The authors thank Laura Coscarelli for her assistance with some of the data collection.
Raising the Price of Agreement: Public Commitment and the Lowball Compliance Procedure1
Version of Record online: 31 JUL 2006
Journal of Applied Social Psychology
Volume 33, Issue 5, pages 923–934, May 2003
How to Cite
Burger, J. M. and Cornelius, T. (2003), Raising the Price of Agreement: Public Commitment and the Lowball Compliance Procedure. Journal of Applied Social Psychology, 33: 923–934. doi: 10.1111/j.1559-1816.2003.tb01931.x
- Issue online: 31 JUL 2006
- Version of Record online: 31 JUL 2006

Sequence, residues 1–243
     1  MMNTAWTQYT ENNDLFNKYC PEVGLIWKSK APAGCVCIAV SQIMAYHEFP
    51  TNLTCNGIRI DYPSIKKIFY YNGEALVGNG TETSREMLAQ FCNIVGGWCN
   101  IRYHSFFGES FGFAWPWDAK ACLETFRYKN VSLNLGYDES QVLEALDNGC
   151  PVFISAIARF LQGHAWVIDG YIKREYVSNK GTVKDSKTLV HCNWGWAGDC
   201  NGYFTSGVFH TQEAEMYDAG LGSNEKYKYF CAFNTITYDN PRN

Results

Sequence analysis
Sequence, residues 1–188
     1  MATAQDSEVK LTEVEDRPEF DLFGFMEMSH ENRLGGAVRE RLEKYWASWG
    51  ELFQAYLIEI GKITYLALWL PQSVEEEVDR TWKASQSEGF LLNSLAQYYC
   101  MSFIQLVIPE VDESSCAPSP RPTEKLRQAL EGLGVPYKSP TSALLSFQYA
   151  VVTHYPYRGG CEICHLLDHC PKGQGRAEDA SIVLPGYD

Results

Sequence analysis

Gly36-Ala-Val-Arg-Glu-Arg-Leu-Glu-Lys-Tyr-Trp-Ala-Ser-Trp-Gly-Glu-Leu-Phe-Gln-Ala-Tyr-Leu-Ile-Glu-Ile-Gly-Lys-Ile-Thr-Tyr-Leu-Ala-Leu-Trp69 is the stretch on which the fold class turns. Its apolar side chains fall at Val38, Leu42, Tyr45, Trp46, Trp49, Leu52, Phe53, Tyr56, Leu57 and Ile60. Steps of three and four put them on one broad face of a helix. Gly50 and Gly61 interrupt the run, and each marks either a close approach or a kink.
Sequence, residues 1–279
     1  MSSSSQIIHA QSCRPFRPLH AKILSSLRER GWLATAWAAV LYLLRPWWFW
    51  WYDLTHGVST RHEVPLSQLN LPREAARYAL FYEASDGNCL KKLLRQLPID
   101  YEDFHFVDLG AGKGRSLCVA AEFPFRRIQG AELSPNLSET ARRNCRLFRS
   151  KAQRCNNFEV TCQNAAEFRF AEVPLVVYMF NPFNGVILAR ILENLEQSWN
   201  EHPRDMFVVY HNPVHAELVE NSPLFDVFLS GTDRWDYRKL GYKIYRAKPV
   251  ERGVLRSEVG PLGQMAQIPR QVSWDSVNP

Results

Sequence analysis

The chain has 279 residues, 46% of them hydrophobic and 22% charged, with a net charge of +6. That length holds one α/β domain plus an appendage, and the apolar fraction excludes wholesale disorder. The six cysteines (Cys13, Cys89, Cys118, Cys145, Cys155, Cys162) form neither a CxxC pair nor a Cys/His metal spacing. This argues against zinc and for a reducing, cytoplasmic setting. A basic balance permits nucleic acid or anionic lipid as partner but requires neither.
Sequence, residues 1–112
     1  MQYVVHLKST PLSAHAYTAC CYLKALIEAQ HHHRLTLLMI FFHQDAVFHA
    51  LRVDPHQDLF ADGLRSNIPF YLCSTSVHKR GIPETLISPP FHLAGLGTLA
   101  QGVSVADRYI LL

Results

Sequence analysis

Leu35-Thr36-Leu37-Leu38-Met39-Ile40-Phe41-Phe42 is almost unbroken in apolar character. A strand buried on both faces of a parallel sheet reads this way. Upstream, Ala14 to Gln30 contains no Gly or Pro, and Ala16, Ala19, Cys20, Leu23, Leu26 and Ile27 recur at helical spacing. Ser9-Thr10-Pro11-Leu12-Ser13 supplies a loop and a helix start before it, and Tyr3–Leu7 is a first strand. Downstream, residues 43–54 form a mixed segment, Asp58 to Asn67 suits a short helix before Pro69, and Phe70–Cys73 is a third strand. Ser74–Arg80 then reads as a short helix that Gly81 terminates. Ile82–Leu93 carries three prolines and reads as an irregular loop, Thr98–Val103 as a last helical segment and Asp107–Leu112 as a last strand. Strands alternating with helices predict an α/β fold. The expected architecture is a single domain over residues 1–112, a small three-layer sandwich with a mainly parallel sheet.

Three studies examined the effect on compliance when a requester raises the price of the request. Participants in Experiment 1 were told that they would receive a free coffee mug for donating money to a fundraiser but were interrupted before they could respond and were told that the fundraisers were out of mugs. These participants were less likely to donate money than a group told nothing about the mugs. Experiments 2 and 3 compared this interruption procedure with the lowball procedure, which also uses a small-to-large price progression. The results from these two studies indicate that allowing people to respond to the initial price is critical for producing the lowball effect. Without a statement of public commitment, the small-to-large price progression led to a decrease rather than an increase in compliance relative to a control group.